• query_builderLecture: Language Technology

    In this lecture we provide an overview over the large field of language technology. We start with examples in daily life that should be familiar to the most of you.

    We will guide you through the various stages of how language, written or spoken, has to be processed in order to let computers work with language. This starts at trivial sounding tasks such as detection of word or sentence boundaries, recognizing a word’s part of speech (e.g. noun, verb, etc.) or identifying the language of a text.

    More advanced topics are spelling and grammar correction, extraction of keywords and word sense disambiguation.

    You will learn about the many challenges that lie hidden behind a trivial impression of the respective problems and learn concepts and their shortcomings to tackle those problems.

  • mode_editPractical Course: Text-Analysis Tools

    In this practical class you will work on a task from the domain of natural language processing (NLP). In the beginning we will provide you with a tutorial of how to use a professional framework for working on problems of the NLP domain (DKPro). You will learn the basics of how to read, process and output data and how to use existing and add own user-created components in your project to fit them to your needs. Students that participate should have a profound knowledge of Java.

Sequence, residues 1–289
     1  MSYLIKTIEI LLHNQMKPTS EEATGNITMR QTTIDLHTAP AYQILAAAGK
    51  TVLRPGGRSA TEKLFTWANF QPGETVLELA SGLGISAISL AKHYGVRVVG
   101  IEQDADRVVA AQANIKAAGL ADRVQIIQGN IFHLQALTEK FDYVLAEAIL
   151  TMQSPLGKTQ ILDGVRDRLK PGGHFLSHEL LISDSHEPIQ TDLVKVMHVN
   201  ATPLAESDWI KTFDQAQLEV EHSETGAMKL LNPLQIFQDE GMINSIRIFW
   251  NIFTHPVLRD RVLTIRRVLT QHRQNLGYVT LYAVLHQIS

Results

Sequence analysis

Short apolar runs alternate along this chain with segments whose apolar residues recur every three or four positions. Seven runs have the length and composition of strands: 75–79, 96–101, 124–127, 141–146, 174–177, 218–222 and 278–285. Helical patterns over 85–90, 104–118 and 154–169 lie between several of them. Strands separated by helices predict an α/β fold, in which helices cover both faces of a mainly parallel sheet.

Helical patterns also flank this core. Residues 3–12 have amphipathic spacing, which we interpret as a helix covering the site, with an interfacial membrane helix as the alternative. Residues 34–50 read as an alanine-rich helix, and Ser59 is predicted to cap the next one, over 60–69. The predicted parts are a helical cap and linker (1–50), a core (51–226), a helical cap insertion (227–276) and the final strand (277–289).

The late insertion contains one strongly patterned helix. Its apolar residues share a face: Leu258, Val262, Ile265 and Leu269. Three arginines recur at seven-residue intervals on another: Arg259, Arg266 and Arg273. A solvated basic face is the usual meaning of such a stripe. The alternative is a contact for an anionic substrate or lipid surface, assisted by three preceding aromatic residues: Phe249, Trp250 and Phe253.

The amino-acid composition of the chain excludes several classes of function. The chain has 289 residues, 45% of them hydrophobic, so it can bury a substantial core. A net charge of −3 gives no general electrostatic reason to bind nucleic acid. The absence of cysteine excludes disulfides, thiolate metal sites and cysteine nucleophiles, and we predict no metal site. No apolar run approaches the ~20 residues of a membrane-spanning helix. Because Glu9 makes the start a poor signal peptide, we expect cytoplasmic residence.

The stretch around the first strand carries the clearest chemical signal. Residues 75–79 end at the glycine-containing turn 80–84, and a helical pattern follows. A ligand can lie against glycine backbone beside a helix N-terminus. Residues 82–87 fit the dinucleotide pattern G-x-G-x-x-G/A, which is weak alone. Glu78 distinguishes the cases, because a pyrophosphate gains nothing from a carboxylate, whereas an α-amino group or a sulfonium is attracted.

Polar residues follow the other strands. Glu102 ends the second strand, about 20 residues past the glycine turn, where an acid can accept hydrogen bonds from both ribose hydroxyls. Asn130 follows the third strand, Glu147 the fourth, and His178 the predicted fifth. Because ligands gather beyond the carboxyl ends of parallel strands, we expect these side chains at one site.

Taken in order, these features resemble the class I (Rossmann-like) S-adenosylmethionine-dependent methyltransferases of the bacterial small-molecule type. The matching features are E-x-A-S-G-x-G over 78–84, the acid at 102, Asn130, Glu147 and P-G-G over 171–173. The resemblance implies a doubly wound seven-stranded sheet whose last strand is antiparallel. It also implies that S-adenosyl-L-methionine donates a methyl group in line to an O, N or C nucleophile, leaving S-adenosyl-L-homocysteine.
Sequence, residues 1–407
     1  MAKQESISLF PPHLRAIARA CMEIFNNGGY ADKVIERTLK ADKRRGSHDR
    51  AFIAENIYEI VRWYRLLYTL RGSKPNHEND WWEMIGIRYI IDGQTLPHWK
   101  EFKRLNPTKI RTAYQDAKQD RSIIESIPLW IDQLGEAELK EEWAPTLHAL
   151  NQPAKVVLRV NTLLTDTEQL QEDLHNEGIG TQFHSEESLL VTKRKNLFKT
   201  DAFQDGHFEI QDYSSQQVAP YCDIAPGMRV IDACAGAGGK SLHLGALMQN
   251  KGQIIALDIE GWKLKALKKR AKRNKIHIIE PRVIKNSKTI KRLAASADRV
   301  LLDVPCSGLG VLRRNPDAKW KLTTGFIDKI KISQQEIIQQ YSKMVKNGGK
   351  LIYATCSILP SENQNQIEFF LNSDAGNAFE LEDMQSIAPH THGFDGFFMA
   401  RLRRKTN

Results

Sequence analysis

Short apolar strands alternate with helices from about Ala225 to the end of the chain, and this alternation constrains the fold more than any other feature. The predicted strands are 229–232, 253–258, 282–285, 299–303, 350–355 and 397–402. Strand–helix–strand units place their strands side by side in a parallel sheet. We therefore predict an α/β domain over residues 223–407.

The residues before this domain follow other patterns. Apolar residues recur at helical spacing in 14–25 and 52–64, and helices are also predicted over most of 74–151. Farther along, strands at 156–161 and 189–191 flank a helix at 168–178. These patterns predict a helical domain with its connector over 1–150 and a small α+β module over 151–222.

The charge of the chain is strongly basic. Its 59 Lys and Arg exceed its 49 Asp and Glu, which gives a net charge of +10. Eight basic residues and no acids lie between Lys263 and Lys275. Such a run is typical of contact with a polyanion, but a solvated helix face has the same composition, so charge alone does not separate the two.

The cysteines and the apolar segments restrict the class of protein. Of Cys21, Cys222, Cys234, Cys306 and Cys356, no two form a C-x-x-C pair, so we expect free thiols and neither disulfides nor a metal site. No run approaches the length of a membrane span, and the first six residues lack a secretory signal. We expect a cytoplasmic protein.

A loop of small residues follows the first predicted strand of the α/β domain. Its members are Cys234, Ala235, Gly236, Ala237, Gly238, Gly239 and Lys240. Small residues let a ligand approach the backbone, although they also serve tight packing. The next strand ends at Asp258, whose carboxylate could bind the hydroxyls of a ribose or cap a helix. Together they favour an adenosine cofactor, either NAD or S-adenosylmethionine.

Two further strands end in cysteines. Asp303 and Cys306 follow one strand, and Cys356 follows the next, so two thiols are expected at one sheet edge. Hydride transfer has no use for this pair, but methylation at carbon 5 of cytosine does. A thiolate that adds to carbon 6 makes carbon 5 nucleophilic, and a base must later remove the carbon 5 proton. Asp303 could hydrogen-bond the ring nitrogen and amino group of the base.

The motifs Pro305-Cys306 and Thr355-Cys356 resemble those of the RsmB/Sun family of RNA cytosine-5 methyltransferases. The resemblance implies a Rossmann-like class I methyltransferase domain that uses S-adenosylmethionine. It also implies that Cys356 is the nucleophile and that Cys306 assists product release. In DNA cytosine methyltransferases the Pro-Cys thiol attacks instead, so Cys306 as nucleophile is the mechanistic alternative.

The center of this practical class is to learn how to use the framework in order to tackle a real-world NLP problem. This includes for one an analysis of the necessary steps to solve the problem, but also the implementation of your ideas in actual code without reinventing the wheel (using existing components in the framework for frequently reoccurring tasks). Thus, each participating student has to provide at the end of the semester an own solution / code for their respective chosen task. Students are encouraged to exchange information between each other and read through code-examples etc., but bulk copy-paste from websites (other people’s solution) is not accepted. We check for plagiarism!

    At the end of the tutorial time you will choose a project. This project is either one of a list of proposed projects we provide or, if you have suited ideas, a self-selected topic. Popular topics are for instance determination of text similarity or sentiment analysis.

  • mode_editPractical Course: Master Research Projects

    Offered on demand

    Here are two examples that show how a project might look like:

    1.) Exploring opinionated twitter conversations in the context of popular german TV-shows:

    In this project 3 Masterstudents designed and implemented data collection, automatic topic- and sentiment- analysis and interactive visualisation.

    2.) Geolocated Hatespeech detection:

    In this project two Masterstudents designed and implemented a system to automatically detect and visualise geolocated tweets which contain

    Get in contact!
    It is advantageous if there are already interests or project ideas. But we also have our own ideas and we are happy to advise you.

  • assignmentSeminar: Text-Analytics